The male-to-female ratio may also lead males, especially during the breeding season, to engage in more conflict in order to join a group of females and reproduce. Avoid having more males than females in the same cage. The ideal ratio is 1 to 2 males for 5 to 6 females4, as in wild.
The degus needs a large cage, as it is a very active animal5 6. A cage that’s too small will encourage conflict between animals, which can lead to extremely violent fights. It is therefore important to choose a cage adapted to the needs of the Octodon degus.
Toys, wheels and feeding points can be a source of resource protection. One or more degus will prevent other degus from accessing them, even if it means attacking them. As far as games and wheels are concerned, it’s best to have several in the cage, in different places. As for bowls, these are useless and can be replaced by enrichments that will keep the rodents occupied.
Finally, stress can lead to behavioral problems in degus, causing them to fight. This often stems from its habitat or cage location. It’s therefore advisable to offer more enrichment and a habitat adapted to the degus to reduce conflicts.
When and how to intervene
As long as conflicts don’t degenerate into violent bites, it’s best not to intervene in a fight. Animals regulate their own social groups, and sometimes this requires aggressive behavior.
In the event of repeated bites or serious injuries, intervention is called for. This should be extremely rare, and should be carried out under the best possible safety conditions for the owners. Octodon bites are deep and often very painful. To avoid injury, we recommend using an object to separate the degus when necessary, rather than using your hands.
After separation, if the animals calm down immediately, reintroduction can be considered immediately. However, if the aggression is too serious, it may be necessary to move the degus responsible for the conflict to another cage.
When separating, it’s best to place the degus in different cages, in a calm environment and without placing the cages side by side. It’s best to wait until all the animals are comfortable, have something to play with (wheel, enrichment) and have calmed down before considering starting an introduction process. This can be done by following our guide to introducing new degus. In the case of males, castration may also be considered to reduce hormone levels and decrease aggression.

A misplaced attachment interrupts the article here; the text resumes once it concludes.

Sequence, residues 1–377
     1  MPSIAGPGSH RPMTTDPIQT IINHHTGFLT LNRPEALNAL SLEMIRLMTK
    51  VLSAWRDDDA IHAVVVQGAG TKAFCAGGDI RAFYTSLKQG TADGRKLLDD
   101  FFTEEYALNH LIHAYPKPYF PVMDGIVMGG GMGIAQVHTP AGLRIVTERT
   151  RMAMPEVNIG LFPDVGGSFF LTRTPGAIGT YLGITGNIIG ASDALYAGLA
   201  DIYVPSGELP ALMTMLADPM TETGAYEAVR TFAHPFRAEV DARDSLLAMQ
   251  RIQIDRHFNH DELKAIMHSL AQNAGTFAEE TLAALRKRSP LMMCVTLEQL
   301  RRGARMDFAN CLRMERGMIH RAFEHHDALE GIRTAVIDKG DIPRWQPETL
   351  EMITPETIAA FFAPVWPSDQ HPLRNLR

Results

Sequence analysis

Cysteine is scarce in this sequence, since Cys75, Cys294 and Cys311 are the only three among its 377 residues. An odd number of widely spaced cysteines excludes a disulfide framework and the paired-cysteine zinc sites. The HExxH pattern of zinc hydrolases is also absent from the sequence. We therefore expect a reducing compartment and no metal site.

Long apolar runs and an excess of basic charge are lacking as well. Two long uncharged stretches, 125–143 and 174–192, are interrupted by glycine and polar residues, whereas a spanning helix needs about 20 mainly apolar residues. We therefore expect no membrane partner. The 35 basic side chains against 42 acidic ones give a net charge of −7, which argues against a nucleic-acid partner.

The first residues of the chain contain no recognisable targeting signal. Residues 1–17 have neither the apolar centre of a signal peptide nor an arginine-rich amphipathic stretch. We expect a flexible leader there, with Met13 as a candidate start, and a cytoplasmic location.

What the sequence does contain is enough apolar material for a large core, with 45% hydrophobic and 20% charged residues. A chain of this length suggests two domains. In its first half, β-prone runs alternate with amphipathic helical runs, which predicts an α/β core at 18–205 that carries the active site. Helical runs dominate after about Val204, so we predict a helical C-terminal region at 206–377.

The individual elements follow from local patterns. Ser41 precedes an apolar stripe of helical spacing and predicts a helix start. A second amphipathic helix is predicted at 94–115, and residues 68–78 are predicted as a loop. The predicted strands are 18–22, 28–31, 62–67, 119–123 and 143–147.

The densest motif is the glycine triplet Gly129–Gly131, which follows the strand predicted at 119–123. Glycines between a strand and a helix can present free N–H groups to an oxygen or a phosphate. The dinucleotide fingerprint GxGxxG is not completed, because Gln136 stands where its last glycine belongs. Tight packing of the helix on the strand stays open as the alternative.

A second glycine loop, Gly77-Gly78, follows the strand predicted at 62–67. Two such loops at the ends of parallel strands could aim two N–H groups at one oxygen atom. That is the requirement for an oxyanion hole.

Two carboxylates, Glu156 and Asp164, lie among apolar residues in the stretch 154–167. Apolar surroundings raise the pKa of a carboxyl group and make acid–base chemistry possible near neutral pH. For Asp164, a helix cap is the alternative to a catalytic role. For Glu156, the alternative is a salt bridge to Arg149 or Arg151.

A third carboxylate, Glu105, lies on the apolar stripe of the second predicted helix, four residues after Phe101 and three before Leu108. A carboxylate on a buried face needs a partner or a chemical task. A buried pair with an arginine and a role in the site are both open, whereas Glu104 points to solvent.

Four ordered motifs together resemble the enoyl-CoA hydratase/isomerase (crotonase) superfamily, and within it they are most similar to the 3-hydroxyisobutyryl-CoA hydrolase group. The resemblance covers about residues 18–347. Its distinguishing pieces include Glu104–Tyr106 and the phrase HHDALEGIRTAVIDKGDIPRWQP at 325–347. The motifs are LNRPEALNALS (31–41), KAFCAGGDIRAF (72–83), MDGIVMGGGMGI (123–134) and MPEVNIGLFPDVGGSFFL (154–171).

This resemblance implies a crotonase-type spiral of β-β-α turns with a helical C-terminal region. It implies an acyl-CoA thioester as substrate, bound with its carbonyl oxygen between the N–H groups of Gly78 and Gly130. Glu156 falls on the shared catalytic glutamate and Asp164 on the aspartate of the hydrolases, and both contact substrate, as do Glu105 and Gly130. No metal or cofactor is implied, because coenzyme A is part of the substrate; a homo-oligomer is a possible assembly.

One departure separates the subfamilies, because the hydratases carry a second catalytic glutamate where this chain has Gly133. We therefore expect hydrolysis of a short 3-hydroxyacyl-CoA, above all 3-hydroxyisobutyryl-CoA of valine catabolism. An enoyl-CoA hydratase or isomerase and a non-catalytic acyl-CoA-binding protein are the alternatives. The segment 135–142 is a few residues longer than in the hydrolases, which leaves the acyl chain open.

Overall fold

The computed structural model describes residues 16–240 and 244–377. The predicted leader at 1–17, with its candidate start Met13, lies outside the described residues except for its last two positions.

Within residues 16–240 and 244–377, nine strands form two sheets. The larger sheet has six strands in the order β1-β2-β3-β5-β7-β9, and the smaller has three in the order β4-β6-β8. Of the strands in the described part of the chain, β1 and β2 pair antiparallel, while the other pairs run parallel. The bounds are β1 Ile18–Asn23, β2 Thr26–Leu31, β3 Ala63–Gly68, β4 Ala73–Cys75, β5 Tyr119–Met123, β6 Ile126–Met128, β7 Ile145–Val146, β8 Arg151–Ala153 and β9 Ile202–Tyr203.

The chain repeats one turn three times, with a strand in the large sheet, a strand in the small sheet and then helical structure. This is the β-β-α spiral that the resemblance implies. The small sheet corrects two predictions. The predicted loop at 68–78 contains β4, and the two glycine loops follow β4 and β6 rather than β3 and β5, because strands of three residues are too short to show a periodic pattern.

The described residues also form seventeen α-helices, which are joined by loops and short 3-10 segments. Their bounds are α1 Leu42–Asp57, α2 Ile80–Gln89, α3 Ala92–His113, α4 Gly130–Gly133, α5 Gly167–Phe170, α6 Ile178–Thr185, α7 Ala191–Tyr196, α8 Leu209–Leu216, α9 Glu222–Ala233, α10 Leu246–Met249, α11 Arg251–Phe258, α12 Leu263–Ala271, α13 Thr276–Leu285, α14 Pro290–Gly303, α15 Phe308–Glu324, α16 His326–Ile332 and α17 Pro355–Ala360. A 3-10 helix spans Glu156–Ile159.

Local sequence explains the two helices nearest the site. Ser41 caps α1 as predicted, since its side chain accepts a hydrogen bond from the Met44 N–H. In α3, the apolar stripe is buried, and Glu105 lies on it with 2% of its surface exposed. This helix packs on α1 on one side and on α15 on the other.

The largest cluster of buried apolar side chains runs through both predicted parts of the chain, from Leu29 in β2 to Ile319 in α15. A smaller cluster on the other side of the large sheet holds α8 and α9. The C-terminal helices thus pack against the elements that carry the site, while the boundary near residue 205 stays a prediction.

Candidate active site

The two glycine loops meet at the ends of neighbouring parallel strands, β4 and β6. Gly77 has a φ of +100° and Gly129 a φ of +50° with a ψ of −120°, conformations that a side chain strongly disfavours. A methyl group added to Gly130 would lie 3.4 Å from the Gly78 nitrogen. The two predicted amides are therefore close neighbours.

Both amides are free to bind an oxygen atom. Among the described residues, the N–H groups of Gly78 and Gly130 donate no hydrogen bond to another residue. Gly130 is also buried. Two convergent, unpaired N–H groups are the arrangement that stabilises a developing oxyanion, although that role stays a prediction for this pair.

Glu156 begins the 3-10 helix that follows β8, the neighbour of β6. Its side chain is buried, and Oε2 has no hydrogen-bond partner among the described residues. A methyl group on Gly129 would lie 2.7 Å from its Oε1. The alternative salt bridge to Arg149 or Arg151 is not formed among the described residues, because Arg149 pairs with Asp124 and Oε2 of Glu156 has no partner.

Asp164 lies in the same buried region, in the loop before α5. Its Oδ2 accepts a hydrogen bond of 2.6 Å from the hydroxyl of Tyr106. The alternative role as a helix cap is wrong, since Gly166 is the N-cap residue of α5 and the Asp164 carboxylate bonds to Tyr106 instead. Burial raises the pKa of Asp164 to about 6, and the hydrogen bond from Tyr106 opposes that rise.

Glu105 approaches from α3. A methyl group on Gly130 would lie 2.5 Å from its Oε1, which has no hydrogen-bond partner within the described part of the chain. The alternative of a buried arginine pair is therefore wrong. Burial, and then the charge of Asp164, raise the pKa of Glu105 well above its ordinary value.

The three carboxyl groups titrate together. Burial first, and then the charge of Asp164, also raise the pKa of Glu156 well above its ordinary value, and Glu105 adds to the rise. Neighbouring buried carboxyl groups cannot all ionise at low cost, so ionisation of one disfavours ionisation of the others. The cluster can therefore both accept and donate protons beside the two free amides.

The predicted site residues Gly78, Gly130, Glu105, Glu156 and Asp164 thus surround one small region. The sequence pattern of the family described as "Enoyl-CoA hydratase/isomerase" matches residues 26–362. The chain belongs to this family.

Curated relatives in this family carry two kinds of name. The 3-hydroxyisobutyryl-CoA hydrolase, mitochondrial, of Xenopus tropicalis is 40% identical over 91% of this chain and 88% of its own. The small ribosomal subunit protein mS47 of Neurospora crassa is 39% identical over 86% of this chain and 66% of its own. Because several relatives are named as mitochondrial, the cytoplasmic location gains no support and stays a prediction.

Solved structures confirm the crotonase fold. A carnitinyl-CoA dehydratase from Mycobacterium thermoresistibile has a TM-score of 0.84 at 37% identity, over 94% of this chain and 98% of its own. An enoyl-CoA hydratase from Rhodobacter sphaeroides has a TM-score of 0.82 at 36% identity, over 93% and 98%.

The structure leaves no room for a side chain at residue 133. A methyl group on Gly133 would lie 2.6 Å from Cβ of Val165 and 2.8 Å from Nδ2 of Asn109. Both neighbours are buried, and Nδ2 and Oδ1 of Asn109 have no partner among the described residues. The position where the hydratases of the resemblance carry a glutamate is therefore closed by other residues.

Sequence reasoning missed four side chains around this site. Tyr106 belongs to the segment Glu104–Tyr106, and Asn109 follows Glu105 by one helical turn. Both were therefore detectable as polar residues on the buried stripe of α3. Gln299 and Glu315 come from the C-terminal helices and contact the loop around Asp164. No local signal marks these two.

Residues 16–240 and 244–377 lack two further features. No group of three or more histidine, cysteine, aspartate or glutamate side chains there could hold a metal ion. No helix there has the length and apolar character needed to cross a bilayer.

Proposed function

Conflict management in degus requires a thorough understanding of their complex social behavior. By adapting the environment, carefully monitoring signs of aggression and intervening appropriately, it is possible to promote harmonious cohabitation. The safety of both the degus and the people involved must always come first, and it’s advisable to consult a vet or an octodon specialist for personalized advice if fighting problems persist.
- Vocalisations of the Degu Octodon degus, a social caviomorph rodent)
- Male degus, Octodon degus, modify their dustbathing behavior in response to social familiarity of previous dustbathing marks
- Pubertal development of sex differences in circadian function: an animal model
- Instability Rules Social Groups in the Communal Breeder Rodent Octodon degus
- CARA – Degus international community
- Handbook of Exotic Pet Medicine